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Old November 20, 2007, 09:23 PM   #1
FP-74
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Lee classic turret or pro 1000

Hello,
a couple of years ago i had a Lee turret and had good luck with it loading 38 spec. traded in that gun and bought a 9MM so i Ebayed that press (DUMB)
now i got another 38 and want to reload again after buying "cheap" target loads at wally world for 25 bucks/100. i think i'm gonna buy another Lee but i'm asking for opinions if i should get the turret again or try the pro 1000?
i just plan on reloading 38s. the pro is less $ than turret and comes with dies (the turret doesn't). i know there are better presses out there and if i had lots of $ i'd run out and buy a dillon. but alas i don't.
Your opinion would be most helpful in my decision!
Thank you in advance for your time!
Gary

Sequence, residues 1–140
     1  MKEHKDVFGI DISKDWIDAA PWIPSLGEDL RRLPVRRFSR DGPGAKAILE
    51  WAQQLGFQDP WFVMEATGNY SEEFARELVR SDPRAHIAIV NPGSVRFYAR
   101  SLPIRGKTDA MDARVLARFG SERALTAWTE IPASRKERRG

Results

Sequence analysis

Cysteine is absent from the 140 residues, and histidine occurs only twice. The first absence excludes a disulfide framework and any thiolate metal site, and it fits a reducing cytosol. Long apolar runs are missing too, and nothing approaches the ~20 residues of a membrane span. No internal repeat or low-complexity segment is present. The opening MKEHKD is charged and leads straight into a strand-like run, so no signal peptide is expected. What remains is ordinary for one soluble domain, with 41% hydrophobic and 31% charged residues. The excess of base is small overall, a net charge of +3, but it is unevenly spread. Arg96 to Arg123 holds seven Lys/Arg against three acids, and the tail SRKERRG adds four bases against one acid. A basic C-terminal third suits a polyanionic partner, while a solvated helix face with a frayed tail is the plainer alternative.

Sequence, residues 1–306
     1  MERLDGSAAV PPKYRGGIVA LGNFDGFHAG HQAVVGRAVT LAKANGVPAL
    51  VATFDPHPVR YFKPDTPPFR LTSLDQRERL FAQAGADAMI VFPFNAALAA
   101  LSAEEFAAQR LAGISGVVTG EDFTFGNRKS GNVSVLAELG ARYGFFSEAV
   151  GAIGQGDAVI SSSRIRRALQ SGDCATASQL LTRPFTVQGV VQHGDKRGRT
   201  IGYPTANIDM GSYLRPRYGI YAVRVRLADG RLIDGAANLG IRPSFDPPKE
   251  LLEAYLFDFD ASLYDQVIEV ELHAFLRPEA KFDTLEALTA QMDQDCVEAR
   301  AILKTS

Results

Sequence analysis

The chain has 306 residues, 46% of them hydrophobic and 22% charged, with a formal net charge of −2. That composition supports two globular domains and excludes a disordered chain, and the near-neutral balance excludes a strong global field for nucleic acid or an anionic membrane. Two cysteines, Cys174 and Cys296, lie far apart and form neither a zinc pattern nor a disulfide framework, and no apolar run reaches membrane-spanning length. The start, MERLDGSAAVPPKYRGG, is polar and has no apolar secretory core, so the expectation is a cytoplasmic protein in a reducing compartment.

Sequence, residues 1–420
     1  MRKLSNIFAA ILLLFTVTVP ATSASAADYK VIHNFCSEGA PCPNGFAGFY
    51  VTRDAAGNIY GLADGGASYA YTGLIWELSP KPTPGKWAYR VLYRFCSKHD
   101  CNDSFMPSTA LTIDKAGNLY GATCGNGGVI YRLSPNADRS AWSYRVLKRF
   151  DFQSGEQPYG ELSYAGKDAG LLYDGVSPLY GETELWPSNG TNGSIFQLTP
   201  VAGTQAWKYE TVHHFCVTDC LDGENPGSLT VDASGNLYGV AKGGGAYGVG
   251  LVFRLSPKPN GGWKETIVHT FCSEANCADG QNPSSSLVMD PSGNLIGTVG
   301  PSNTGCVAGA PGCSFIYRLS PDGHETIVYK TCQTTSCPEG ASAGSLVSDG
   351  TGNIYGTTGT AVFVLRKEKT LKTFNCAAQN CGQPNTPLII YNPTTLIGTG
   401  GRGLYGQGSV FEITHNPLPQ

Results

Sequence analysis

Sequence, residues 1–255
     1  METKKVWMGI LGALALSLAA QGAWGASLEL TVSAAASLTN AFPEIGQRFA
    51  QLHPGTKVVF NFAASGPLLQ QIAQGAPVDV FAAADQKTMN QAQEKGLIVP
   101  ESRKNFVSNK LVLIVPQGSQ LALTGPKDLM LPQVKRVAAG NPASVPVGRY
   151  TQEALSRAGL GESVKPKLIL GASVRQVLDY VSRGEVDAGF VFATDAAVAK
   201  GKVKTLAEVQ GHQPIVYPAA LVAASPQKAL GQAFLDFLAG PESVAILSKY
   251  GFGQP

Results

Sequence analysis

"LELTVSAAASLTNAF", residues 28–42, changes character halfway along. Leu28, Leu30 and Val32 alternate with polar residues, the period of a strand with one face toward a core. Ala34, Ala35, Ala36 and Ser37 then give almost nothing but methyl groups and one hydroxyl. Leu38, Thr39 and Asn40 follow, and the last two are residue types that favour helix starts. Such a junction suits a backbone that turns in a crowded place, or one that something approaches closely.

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Old November 21, 2007, 07:44 AM   #2
hunter64
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Dillions are great they stand behind there equipment no questions asked but as you pointed out they are expensive. The weakest link in the pro 1000 is the priming system, once the bugs are worked out or avoided they work good. What happens is that if you don't pay attention to how many primers are in the feeder it will jam. You can put a couple of washers behind the back of the frame so the 1000 is leaning slightly forward and this greatly helps, polish the inside of the ramp with 600 grit wet or dry to make sure all the burs on the plastic have been removed and that the primers slide unobstructed. Or you can forget about the worry and just hand prime out of the machine like I do. I back the seating/crimper die out a couple of turns and with the press empty of primers and powder I load up the feed tubes with the brass and have at her. You can crank out alot of empties in short order. Once you are done with that then when I am watching TV I hand prime the brass with my RCBS hand primer, in an hour I can have alot of brass primed, enough to do me for about a month at the range. Now I load up the 1000 with powder and back the deprimer die out a couple of turns and re seat the seating die back in. I have changed the die holders on both dies to the RCBS ones that are locked so there is no movement. Start cranking and it just flies when you don't have to worry about primers and you will never have a jam.